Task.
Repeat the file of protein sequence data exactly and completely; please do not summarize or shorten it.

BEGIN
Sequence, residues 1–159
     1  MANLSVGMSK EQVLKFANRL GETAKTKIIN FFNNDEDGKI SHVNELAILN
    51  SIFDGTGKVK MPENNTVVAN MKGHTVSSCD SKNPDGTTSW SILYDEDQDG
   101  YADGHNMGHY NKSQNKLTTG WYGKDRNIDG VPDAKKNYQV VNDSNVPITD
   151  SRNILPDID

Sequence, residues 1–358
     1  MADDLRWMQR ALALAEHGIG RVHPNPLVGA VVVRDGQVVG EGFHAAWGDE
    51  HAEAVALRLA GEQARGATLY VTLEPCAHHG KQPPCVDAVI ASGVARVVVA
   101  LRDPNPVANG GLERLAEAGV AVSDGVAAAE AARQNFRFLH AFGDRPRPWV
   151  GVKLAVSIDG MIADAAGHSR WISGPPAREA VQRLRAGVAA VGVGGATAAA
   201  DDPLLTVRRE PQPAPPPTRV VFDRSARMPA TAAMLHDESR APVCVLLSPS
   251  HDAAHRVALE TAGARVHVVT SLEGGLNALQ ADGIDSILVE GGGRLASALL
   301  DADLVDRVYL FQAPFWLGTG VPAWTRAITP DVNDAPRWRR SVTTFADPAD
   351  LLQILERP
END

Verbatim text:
Sequence, residues 1–159
     1  MANLSVGMSK EQVLKFANRL GETAKTKIIN FFNNDEDGKI SHVNELAILN
    51  SIFDGTGKVK MPENNTVVAN MKGHTVSSCD SKNPDGTTSW SILYDEDQDG
   101  YADGHNMGHY NKSQNKLTTG WYGKDRNIDG VPDAKKNYQV VNDSNVPITD
   151  SRNILPDID

Sequence, residues 1–358
     1  MADDLRWMQR ALALAEHGIG RVHPNPLVGA VVVRDGQVVG EGFHAAWGDE
    51  HAEAVALRLA GEQARGATLY VTLEPCAHHG KQPPCVDAVI ASGVARVVVA
   101  LRDPNPVANG GLERLAEAGV AVSDGVAAAE AARQNFRFLH AFGDRPRPWV
   151  GVKLAVSIDG MIADAAGHSR WISGPPAREA VQRLRAGVAA VGVGGATAAA
   201  DDPLLTVRRE PQPAPPPTRV VFDRSARMPA TAAMLHDESR APVCVLLSPS
   251  HDAAHRVALE TAGARVHVVT SLEGGLNALQ ADGIDSILVE GGGRLASALL
   301  DADLVDRVYL FQAPFWLGTG VPAWTRAITP DVNDAPRWRR SVTTFADPAD
   351  LLQILERP